Groupon says its focus is on the bottom line, rather than top-line growth.
URLs are ubiquitous. They’re on buses, billboards, even TV ads. So it’s no surprise to see multi-channel retailers leverage marketing dollars by putting their Web addresses on shopping bags. Starbucks, Barnes & Noble, Bloomingdale’s and The Gap all sport Web addresses on the sides of their shopping bags. Curiously, though, Eddie Bauer’s URL shows up on the bottom.
Marketing genius, or just plain folly? Analysts see both an upside and a downside.
“I think it’s smart. I fold a lot of bags,” says Lauren Freedman, president of the e-tailing group, a Chicago-based Internet retail consulting firm. Freedman points out that shoppers are more apt to notice a URL once they’re home from the store and unpacking purchases. For folks who recycle bags, the bottom line is that every time they reach into storage bins, that Web address flashes a subliminal reminder: the nearest Eddie Bauer store is just a PC away.
The drawback, of course, is that a bottom-of-the-bag Web address offers limited exposure. “It’s good to have that last bit of reinforcement when you get home,” concedes Richard Berkman, senior consultant at net.Genesis Corp. in Cambridge, Mass. “Yet from the standpoint of being able to market to other consumers, branding potential is definitely diminished.”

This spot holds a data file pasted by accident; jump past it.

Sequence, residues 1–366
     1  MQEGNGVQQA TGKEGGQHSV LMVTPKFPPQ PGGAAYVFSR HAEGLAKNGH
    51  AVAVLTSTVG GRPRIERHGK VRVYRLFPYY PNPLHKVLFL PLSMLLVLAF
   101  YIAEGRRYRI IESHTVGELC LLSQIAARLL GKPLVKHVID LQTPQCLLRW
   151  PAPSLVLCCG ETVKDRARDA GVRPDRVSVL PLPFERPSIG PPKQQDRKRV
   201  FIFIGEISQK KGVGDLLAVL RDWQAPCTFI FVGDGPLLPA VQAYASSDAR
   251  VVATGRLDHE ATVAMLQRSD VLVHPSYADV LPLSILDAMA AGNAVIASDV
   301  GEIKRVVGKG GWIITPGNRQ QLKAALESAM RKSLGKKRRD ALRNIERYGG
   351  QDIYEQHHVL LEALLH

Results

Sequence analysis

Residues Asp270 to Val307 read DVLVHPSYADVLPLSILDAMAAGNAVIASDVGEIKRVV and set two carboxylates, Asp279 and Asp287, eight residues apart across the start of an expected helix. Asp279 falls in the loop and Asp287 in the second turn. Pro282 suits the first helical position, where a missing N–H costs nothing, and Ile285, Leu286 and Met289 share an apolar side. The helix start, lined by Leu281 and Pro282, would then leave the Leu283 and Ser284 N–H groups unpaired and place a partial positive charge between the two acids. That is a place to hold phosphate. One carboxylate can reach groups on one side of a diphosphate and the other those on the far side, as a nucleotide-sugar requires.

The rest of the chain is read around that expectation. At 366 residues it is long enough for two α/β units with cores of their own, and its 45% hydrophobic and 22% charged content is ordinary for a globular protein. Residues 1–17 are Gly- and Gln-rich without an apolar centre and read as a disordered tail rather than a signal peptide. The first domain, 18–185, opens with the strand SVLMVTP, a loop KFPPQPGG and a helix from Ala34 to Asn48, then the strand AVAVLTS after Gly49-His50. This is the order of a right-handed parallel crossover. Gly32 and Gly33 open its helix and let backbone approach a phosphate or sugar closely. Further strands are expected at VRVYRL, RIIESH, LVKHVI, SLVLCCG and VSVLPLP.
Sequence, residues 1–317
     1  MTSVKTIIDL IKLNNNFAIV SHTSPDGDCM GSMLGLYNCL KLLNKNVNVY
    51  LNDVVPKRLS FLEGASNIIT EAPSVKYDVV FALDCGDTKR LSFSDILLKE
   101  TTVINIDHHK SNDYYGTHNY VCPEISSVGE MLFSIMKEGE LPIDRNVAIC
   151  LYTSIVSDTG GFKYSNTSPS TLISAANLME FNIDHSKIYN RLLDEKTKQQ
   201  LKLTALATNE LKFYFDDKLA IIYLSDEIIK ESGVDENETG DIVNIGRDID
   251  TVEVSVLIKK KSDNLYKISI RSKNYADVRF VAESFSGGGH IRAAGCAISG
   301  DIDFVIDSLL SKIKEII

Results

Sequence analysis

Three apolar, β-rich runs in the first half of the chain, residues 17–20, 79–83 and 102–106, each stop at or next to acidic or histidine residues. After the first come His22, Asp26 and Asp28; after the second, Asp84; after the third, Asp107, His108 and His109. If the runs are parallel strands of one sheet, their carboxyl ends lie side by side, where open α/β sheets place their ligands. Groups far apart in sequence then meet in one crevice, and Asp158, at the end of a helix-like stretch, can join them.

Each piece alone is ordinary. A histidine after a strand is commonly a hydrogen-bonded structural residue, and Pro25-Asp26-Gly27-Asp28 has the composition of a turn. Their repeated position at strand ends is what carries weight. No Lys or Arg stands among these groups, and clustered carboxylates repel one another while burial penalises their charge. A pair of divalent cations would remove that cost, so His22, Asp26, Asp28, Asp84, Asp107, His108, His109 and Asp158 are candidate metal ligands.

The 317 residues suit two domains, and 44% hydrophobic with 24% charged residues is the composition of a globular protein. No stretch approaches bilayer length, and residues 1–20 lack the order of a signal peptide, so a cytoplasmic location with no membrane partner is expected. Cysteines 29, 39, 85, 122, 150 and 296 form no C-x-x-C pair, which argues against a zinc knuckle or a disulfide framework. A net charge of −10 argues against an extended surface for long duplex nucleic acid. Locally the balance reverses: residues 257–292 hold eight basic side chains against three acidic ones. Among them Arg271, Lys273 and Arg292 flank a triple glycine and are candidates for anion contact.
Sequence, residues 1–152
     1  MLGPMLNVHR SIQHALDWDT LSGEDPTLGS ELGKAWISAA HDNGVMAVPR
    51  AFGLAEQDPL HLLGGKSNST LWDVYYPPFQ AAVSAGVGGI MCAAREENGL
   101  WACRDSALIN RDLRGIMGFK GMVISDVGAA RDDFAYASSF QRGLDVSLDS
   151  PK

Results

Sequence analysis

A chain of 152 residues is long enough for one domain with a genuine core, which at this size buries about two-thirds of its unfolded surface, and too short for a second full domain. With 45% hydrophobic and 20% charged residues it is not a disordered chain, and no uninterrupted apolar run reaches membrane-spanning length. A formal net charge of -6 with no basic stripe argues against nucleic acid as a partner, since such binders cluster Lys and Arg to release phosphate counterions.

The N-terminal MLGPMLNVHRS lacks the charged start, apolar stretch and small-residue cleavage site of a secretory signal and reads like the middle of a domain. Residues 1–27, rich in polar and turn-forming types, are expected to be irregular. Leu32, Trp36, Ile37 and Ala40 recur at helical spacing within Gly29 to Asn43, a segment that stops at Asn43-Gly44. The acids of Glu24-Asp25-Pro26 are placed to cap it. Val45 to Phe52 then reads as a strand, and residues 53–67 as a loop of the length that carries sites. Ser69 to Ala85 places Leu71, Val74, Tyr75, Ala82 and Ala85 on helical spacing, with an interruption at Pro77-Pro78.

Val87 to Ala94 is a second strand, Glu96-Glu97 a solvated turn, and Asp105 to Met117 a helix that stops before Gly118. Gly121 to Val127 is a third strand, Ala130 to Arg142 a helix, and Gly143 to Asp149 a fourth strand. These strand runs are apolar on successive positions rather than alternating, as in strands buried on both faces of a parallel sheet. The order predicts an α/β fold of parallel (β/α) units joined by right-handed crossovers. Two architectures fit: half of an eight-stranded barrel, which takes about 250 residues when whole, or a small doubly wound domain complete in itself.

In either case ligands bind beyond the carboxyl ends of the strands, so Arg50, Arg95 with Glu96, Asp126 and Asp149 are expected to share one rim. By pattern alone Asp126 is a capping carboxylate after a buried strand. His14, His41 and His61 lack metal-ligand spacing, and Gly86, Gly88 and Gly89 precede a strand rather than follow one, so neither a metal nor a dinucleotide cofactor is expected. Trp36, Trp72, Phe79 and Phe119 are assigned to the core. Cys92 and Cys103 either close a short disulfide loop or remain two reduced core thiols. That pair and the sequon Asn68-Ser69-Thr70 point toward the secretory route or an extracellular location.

Displaying URLs on the side makes them accessible to more people. “It’s a free form of advertising as you walk around,” suggests Pam Stubing, a retail analyst at New York-based Ernst & Young.
Ironically, printing issues rather than marketing theory dictated the placement of Eddie Bauer’s URL. When the Redmond, Wash.-based retailer first added its Web address to bags in late 1997, bags already featured an intricate design that wrapped around the sides. That left the bag’s bottom as “available real estate,” in the words of Steve Kahn, marketing manager of interactive media at Eddie Bauer.
While there’s no marketing research available as to the merits of either approach, Eddie Bauer is currently giving its shopping bags a makeover, and will add its URL elsewhere, says Kahn. But the Web address may also remain on the bottom, anyway. If the suspense is more than you can stand, be patient: Eddie Bauer’s new bags hit stores in October.